Welcome to Axios World, where two evenings a week we break down what you need to know about the big stories from around the globe.
"So, how're things?" Photo: Michael Kappeler/picture alliance via Getty Images
The storm whipping up political chaos across Europe is engulfing the leaders of the continent’s three powers.
The bottom line: No one knows what's coming next.
The end is near for Merkel ...
1,001 CDU delegates will elect their, and likely Germany’s, next leader tomorrow after Merkel — who has been chancellor for a remarkable 14 years — agreed to cede the role following a string of electoral embarrassments.
Why it matters: Five of the seven party chairs in the CDU's 73-year history have served as chancellor. And while Merkel says she’ll stay in office through 2021, Sudha David-Wilp of the German Marshall Fund writes for Axios Expert Voices that may depend on what happens on Friday:
May on course for an epic defeat ...
Downing Street says May is not backing down from the planned vote on her Brexit deal on Tuesday, despite the fact that she appears headed for a defeat so significant that it could bring down her government.
An existential challenge to Macron ...
Macron's decision to first delay, and now fully abandon, a proposed hike on fuel taxes in an attempt to quell to the worst riots Paris has seen since 1968 appears to have been too little, too late, Axios' Zach Basu writes:
What to watch: Merkel, May and Macron are different politicians at different points in their careers in different domestic political atmospheres. But they lead Europe's three most powerful countries. And rather than bringing stability in the face of the political chaos on the continent, they look likely to be consumed by it.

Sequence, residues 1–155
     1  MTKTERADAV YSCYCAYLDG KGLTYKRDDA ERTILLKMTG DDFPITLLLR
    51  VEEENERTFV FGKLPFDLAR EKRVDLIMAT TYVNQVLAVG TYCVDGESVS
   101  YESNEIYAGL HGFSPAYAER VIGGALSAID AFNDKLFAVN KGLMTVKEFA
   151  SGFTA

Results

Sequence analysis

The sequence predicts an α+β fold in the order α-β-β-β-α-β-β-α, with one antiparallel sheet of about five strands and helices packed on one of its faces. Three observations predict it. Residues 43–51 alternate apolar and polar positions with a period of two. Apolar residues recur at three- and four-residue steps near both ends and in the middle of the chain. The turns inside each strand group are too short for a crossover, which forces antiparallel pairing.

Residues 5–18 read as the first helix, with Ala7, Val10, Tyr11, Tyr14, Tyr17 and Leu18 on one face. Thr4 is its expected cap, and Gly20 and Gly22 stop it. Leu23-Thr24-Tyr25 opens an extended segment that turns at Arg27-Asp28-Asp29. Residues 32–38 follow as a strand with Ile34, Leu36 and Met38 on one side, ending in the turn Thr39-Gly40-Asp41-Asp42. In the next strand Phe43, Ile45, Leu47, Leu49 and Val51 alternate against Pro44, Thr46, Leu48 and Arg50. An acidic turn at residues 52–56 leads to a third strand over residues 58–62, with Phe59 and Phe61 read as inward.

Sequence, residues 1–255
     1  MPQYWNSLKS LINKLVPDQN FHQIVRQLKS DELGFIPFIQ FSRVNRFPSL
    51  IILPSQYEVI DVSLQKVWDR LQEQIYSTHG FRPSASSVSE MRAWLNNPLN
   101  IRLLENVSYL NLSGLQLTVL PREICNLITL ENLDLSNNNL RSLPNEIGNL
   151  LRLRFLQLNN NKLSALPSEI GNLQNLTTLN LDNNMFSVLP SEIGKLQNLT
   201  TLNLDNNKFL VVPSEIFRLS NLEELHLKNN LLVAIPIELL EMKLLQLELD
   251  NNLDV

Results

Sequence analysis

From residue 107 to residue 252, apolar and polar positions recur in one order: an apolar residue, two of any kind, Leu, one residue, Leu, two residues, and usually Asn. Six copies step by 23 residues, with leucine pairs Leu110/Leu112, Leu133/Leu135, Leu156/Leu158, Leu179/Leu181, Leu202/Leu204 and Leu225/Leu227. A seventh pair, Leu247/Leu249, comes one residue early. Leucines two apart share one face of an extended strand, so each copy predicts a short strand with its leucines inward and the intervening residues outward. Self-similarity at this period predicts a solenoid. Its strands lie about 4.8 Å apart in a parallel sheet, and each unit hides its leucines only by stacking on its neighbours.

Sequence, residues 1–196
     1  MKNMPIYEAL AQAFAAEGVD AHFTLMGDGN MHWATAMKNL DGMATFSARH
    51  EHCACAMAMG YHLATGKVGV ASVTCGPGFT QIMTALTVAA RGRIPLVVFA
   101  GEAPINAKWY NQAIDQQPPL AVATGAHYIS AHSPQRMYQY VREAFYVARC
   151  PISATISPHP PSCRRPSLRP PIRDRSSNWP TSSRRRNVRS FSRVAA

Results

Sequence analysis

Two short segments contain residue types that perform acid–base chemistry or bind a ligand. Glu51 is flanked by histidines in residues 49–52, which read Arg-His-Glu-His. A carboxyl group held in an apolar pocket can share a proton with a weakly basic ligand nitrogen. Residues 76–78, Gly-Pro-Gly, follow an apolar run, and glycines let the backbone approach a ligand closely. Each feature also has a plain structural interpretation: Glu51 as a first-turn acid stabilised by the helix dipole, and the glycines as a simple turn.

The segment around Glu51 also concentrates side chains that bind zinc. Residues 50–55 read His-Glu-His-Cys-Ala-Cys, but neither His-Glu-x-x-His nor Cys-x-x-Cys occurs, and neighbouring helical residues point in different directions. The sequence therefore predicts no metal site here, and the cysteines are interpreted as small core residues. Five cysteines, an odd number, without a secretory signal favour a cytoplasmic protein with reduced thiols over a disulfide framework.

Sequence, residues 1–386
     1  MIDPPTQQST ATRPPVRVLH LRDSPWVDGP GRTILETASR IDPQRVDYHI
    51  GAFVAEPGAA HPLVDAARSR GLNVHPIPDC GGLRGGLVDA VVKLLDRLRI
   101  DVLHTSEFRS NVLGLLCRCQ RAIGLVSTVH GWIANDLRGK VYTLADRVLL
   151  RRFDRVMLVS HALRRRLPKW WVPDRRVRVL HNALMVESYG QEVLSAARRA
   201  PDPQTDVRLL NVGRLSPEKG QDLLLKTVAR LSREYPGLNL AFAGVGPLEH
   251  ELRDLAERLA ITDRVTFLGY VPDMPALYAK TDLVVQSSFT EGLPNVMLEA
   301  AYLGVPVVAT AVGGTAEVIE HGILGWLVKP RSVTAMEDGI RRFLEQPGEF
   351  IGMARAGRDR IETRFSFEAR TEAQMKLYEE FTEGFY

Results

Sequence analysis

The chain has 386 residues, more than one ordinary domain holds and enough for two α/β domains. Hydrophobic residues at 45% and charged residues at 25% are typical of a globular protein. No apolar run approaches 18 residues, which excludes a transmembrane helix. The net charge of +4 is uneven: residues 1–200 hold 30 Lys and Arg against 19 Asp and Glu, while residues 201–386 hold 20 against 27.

Don't look over your shoulder, pal. Photo: Mikhail Klimentyev\TASS via Getty Images
Vladimir Putin has threatened to begin developing missiles banned under the landmark 1987 Intermediate-Range Nuclear Forces (INF) treaty if the U.S. withdraws from the pact. According to every NATO country and both the Obama and Trump administrations, he already has.
Why it matters: President Trump tweeted this week about meeting with Russia and China to "halt what has become a major and uncontrollable Arms Race." It seems more likely that the arms race is about to heat up.
So if we're entering into a new cold war, where does the world stand? According to a new report from Pew ...
Worth noting: Much of this is leader-driven. Views of the U.S. have fallen off a cliff in the Trump era, and even most countries that tend to view Russia favorably take a dim view of Putin.
Meng Wanzhou, CFO of Chinese telecom giant Huawei (and the daughter of the company's founder), was arrested in Canada in connection with possible violations of U.S. sanctions on Iran.
Here's an excerpt of Axios contributor Bill Bishop's take from his Sinocism newsletter:
Orbán (L) and Netanyahu in Jerusalem. Photo: Debbie Hill/AFP/Getty Images
Israel is negotiating with Hungary's government over the future contents of a new revisionist Holocaust museum to be opened in Budapest, Axios contributor Barak Ravid scoops.
Flashback: After Poland passed a controversial law in February making it illegal to attribute crimes committed during the Holocaust to Poland, Israeli Prime Minister Benjamin Netanyahu ended the ensuing diplomatic crisis by cutting a deal with the Polish government and accepting its revisionist narrative.